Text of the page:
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The House of European History is committed to disseminating European history knowledge and stirring public discussion on the enduring presence of the past in today's world.

Through the publications, visitors can discover insights into the museum workings, its philosophy and its content in a broader sense. In turn this extends the museum experience before and after an actual visit.

In this section you can explore the basics of the permanent exhibition in line with key developments in European history. Significant items in the exhibitions are explained through detailed descriptions and scholarly essays. 

We also provide a range of papers with contributions to debates and analysis on House of European History related topics.

Showing 1 - 4 of 4 items

Restless Youth - Temporary Exhibition Publication

This exhibition looks at how, in the past 70 years, young people in Europe have gone from being a group to whom history happened, to a group that actually makes history. It presents four generations of such young people who came of age at key moments in the European story: the late 1940s, the 1960s, the 1980s and the 2000s....Read more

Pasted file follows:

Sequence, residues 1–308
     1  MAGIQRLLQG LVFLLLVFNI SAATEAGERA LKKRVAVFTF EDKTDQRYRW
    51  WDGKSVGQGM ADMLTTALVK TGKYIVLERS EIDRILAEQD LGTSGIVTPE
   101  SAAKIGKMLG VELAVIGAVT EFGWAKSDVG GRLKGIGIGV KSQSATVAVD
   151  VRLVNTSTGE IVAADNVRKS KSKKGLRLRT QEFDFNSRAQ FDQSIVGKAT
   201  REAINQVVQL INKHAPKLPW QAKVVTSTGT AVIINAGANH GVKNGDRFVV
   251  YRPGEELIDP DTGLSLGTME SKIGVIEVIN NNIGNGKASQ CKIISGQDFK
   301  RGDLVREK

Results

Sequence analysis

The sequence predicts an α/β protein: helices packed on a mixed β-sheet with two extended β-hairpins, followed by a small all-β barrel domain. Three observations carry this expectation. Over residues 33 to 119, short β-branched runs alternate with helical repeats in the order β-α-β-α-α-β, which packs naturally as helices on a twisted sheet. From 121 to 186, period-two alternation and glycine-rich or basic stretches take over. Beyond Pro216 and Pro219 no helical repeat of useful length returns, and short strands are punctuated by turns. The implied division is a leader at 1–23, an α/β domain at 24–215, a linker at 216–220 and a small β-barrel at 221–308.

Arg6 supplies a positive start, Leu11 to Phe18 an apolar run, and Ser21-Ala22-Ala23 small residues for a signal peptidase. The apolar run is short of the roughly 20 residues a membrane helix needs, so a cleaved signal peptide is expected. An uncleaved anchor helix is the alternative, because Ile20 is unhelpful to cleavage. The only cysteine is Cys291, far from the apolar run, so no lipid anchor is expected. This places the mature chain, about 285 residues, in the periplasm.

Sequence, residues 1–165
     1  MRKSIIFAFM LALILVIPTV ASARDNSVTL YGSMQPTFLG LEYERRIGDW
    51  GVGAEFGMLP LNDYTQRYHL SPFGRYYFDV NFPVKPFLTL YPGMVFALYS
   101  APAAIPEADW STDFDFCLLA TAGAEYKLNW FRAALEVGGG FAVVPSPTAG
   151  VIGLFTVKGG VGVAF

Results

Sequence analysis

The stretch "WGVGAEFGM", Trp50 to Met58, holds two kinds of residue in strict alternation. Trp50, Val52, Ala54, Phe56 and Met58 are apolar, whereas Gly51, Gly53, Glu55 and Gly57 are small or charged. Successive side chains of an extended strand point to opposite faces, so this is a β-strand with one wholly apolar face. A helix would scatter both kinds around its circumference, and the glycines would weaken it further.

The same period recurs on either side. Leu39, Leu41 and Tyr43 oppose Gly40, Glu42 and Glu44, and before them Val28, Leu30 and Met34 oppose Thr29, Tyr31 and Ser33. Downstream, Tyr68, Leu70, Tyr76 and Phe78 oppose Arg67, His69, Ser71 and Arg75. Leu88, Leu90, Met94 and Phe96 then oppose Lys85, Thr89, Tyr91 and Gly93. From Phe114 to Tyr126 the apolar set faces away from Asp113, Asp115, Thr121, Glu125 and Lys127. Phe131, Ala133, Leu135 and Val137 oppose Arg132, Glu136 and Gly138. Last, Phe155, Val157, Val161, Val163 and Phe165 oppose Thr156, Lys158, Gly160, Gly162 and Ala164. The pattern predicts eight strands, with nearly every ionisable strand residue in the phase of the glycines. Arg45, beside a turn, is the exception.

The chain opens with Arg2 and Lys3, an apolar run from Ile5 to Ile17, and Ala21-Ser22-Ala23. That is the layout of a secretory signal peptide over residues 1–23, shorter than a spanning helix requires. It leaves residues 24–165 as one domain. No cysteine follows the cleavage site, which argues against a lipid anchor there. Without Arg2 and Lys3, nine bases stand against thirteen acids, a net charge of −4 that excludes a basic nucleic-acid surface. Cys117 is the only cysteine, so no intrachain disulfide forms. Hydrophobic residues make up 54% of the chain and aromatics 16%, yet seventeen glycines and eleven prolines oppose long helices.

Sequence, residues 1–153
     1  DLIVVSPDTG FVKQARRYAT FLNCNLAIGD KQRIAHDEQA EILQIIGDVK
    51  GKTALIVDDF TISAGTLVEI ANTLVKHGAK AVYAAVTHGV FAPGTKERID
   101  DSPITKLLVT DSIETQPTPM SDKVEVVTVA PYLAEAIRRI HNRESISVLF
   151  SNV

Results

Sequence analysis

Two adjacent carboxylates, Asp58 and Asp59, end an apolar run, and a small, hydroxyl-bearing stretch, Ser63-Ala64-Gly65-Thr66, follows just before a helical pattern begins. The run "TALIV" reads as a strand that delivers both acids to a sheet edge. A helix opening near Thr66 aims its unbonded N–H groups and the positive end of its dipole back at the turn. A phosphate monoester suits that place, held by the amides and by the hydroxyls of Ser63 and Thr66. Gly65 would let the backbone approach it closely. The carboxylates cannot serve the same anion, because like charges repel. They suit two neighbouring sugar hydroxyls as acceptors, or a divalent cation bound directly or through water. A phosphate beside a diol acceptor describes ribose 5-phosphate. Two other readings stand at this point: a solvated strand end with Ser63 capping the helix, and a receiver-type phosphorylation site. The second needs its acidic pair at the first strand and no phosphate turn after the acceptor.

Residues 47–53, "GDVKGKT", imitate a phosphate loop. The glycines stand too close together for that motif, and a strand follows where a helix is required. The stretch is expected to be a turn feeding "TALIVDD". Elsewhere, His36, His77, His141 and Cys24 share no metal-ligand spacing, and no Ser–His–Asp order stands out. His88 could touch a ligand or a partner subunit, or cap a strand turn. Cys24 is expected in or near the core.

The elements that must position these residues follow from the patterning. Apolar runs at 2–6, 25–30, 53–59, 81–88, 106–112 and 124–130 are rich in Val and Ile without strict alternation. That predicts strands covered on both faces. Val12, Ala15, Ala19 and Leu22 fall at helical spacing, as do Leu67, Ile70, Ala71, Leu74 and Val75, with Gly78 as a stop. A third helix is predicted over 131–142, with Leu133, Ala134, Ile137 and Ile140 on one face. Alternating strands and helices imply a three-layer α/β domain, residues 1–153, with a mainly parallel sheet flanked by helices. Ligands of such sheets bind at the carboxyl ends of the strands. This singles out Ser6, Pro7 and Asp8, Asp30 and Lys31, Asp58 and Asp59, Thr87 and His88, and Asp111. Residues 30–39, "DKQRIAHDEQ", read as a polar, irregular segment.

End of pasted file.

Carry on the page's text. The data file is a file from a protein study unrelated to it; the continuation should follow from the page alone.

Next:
Creating the House of European History

This book is intended for the interested public and presents different phases in the development of the project, describing the challenges and problems, as well as the solutions we found. The House of European History has been open to a public and critical evaluation. The content of this book is contributing yet another view to the diverse current discussions on...Read more

Front cover of pocket guides with spiral

Pocket Guide

As you go through the main exhibition, you will notice that we do not tell you the story of each European nation. Instead, we want to explore how history has shaped a sense of European memory and continues to influence our lives today and in the future.

Front cover Interactions catalogue

Interactions - Temporary Exhibition Catalogue

In this exhibition we present the many different types of encounters — war, negotiations, trade, food, art, education — and use these as lenses through which to examine European history and the cultural heritage it has created.